In Australia, S11 and the campaign against corporate globalisation acted as a real impetus to bring together a range of groups. It broke down barriers that had previously existed between these groups. Through these campaigns, relationships have developed between these organisations that have created more opportunity for working together and supporting each others campaigns.
The Australian Greens work closely with teachers unions in their campaign to reduce class sizes and The Greens are widely recognised amongst public sector teachers and teacher unionists as leading the way in support of public education.
The Labor party in Australia has close links to the big end of town through their corporate campaign donations. Business can dine with State Labor Ministers for a mere $3,300 a head. And if you pay that again, you have special access to minister when you attend the Labor conference.
There are countless opportunities for The Greens to facilitate workers voices being heard in parliament.
Many unionists are now recognising that The Greens are the political party with the most progressive industrial relations policies.
We have had a recent uproar in NSW around workers compensation where the Labor Government brought in a range of reforms that took away the rights of injured workers. A phenomenal scene occurred where the parliament was surrounded by a big union picket and the Labour Government ordered the police to drive a wedge through the unionists for the Labor ministry to walk through on their way into parliament. It was a very visual and emotional display of Labor's betrayal of injured workers. It was left to the Greens to work with unions to have their workers voices heard on this legislation.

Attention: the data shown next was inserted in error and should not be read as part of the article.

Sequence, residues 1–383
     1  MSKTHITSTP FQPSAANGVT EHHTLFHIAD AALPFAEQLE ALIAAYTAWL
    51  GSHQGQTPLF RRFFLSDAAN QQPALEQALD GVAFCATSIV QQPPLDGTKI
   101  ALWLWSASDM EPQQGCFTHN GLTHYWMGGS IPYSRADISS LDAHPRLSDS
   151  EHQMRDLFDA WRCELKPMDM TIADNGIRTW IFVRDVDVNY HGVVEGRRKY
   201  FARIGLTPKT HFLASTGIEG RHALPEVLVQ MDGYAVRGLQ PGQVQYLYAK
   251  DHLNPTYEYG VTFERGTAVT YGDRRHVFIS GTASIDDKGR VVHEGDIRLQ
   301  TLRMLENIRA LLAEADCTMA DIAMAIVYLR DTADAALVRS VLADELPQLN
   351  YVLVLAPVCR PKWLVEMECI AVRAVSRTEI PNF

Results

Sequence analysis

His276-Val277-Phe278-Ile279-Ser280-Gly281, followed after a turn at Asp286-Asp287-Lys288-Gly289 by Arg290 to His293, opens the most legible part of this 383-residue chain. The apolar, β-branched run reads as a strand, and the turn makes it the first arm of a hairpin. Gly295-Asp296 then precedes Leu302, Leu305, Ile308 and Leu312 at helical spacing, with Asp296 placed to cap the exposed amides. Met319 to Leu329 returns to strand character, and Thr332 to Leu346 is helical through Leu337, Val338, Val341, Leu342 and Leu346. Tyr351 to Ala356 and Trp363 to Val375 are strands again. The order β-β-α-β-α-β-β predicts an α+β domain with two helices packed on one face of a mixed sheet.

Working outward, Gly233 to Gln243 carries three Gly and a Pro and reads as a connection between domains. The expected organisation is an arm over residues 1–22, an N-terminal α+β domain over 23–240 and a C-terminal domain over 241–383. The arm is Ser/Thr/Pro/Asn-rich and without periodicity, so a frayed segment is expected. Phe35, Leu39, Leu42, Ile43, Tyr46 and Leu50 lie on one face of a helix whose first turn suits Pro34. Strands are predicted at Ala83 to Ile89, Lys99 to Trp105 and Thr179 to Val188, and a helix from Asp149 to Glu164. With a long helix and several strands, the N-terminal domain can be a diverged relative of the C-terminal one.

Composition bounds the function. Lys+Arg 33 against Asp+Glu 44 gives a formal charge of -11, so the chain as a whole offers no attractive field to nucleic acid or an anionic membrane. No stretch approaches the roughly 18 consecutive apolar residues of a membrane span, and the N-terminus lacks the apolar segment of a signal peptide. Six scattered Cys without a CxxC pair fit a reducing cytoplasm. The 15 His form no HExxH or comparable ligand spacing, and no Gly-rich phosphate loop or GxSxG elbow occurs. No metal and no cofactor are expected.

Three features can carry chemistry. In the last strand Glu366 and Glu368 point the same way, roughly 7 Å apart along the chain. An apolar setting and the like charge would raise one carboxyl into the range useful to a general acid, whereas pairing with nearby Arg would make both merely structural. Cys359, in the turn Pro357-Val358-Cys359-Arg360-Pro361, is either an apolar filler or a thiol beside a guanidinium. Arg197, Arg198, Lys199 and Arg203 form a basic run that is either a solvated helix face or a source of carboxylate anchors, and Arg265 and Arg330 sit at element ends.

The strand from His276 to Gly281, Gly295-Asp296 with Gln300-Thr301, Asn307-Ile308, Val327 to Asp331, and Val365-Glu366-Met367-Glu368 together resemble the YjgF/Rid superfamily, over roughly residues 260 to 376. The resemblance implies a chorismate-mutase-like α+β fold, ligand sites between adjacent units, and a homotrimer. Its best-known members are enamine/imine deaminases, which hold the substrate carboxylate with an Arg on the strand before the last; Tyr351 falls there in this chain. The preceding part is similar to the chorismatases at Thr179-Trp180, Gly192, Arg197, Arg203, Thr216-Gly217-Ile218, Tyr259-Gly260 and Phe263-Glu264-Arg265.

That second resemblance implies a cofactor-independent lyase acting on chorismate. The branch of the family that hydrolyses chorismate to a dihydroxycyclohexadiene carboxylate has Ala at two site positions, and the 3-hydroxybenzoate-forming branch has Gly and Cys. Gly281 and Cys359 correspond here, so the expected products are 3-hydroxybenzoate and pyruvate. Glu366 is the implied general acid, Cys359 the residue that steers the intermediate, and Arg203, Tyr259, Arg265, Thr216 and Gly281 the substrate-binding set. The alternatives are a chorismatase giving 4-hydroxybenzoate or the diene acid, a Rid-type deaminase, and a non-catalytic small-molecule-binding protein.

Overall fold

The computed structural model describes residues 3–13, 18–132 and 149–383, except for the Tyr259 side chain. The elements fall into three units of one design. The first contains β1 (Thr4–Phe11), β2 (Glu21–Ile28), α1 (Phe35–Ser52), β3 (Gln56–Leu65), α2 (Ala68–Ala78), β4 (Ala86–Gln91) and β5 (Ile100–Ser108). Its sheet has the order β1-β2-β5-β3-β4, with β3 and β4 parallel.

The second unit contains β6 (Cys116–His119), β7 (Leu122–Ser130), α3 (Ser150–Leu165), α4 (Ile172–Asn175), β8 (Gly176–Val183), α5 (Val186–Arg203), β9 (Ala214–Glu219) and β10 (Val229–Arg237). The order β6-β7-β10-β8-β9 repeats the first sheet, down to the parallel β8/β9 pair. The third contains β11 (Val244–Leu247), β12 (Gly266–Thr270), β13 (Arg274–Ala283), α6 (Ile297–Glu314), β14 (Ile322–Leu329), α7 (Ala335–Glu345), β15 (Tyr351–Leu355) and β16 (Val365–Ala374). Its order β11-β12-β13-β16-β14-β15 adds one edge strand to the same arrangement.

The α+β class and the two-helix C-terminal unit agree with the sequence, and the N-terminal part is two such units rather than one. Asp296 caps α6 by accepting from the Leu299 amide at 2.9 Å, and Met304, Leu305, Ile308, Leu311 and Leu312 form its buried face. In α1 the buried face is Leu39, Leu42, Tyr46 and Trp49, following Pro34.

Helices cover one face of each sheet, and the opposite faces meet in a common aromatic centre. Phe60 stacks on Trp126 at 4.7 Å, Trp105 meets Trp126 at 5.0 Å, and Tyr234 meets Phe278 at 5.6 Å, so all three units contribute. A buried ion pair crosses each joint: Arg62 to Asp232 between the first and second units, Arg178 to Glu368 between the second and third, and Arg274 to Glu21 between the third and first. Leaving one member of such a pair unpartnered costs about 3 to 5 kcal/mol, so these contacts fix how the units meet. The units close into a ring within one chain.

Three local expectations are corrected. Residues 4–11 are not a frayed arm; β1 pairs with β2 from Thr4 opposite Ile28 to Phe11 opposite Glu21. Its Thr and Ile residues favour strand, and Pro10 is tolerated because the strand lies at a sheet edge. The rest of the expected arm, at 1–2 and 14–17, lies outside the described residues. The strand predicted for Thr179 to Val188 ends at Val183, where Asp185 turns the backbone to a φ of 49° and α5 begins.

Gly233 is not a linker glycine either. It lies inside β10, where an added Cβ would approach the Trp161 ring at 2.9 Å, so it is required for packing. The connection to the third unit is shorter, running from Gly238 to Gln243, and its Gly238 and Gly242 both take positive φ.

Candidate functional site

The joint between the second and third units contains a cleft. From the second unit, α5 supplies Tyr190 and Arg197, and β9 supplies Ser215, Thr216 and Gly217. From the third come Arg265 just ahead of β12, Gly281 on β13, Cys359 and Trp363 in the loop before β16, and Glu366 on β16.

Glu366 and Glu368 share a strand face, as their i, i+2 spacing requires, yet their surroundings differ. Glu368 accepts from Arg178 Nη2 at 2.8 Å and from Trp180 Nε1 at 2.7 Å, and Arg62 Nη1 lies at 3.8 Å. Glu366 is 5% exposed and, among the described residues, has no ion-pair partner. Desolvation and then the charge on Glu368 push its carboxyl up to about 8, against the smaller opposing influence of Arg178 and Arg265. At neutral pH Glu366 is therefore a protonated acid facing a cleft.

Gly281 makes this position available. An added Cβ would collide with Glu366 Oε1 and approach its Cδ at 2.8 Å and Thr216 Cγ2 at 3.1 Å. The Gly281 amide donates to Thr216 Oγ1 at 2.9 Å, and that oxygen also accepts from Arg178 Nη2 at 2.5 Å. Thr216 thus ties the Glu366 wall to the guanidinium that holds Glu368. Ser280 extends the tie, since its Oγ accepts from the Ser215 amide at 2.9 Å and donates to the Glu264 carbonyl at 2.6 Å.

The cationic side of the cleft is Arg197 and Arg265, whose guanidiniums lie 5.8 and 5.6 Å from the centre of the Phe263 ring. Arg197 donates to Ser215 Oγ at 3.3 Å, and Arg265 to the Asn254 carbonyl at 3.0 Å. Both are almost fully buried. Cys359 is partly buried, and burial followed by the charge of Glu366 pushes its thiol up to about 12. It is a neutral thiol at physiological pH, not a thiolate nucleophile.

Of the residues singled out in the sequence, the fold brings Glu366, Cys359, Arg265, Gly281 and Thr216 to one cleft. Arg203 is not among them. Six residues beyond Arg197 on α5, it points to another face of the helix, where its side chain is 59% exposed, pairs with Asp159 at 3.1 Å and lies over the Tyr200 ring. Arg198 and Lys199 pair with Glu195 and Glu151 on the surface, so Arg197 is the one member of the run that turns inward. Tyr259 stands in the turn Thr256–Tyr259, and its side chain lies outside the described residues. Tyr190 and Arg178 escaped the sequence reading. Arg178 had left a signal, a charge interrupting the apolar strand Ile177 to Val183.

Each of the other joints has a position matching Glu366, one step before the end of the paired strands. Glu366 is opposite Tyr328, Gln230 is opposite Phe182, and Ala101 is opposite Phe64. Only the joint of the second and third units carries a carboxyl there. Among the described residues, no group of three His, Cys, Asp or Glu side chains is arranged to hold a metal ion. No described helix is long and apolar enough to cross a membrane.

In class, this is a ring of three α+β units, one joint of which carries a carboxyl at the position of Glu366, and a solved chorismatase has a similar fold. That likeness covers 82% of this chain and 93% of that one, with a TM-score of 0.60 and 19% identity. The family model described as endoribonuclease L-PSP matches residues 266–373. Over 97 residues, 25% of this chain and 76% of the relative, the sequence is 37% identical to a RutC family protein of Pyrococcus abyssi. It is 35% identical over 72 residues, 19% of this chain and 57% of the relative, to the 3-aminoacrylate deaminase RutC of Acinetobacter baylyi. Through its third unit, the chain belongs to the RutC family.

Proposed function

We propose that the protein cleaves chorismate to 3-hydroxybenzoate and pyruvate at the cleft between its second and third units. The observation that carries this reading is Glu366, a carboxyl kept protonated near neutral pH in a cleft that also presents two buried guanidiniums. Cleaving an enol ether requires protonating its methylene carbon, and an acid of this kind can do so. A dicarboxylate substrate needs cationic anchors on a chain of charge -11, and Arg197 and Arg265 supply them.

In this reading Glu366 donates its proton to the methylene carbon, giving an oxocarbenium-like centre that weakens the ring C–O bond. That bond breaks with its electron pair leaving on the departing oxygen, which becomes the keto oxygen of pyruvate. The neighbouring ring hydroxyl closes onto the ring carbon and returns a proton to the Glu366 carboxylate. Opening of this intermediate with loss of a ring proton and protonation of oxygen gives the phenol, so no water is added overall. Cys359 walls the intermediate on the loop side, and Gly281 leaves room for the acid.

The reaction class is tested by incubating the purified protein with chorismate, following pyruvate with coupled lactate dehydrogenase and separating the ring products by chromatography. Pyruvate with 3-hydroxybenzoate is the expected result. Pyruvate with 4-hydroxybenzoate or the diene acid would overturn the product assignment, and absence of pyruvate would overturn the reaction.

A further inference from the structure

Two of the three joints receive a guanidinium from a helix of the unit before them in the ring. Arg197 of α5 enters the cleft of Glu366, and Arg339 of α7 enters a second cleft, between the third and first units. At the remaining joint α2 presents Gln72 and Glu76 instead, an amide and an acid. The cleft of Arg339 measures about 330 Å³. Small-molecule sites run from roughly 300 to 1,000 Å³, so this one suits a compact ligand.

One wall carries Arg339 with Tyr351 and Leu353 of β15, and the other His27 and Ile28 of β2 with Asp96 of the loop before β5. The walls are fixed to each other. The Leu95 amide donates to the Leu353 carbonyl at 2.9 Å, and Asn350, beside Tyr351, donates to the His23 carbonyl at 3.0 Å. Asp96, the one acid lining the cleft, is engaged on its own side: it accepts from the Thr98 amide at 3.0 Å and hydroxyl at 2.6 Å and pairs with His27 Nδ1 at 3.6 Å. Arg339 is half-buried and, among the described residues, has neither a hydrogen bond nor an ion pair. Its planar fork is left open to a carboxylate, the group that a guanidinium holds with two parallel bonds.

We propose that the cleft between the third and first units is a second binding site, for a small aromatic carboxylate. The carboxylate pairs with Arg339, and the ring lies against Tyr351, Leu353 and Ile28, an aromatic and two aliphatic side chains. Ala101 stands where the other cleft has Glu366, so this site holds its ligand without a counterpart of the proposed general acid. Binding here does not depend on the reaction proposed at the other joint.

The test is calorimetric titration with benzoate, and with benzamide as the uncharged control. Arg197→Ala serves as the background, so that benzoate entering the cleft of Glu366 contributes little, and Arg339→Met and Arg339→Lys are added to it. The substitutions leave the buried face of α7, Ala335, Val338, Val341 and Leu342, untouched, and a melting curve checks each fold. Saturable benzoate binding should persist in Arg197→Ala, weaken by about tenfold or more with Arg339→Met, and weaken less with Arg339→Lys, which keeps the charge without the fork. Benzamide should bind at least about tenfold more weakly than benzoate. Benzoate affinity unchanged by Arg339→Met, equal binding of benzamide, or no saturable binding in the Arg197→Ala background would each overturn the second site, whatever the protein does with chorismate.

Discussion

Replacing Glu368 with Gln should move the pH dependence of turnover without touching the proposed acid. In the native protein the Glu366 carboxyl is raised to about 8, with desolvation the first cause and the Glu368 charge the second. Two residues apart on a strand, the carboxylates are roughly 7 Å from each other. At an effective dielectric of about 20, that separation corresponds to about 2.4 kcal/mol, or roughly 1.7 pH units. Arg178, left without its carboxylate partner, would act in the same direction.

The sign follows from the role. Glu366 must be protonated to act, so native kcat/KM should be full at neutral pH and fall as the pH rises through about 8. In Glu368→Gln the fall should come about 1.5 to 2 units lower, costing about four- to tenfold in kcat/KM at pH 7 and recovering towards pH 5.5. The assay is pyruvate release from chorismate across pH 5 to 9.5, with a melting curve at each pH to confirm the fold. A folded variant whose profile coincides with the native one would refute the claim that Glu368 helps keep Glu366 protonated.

Like here, in Australia there exists a long and close historical relationship between the trade union movement and the Labor party. But more and more union officials and rank and file members are recognising that The Greens offer more support to workers than the Labor Party. One high profile union secretary in Victoria recently resigned from the Labor party and joined The Greens. Other union members are joining The Greens and offering their support in different and useful ways.
For the generation of young people who come out of the anti-corporate globalisation movement, they are used to working with trade unions.
These young people are the future of The Greens. In New Zealand, polling shows that almost 80% of The Greens vote comes from those under the age of forty. Young people vote Greens because they have an optimistic and principled outlook and which sees a Green future they want to be part of.
The great concern amongst young people for genetic engineering and environment issues I believe stems from a long term perspective.
Young people also bring a long term perspective to a broader understanding of where our society is heading. Seeing the increasing role played by corporations in our collective lives starts alarm bells ringing for the future.
A recognition that this is the activists challenge for the future is vital for organisations like the Greens if we are to stay relevant to the activist community.
Young people in their politics are radical and optimistic. The Greens have a responsibility to live up to the expectation that social change is possible and progressive ideology has a place in parliament and government.
There is a Green wave of success spreading around the world. For your upcoming election campaign, you will be riding this wave. It's fun and it offers a new perspective from which to view the world.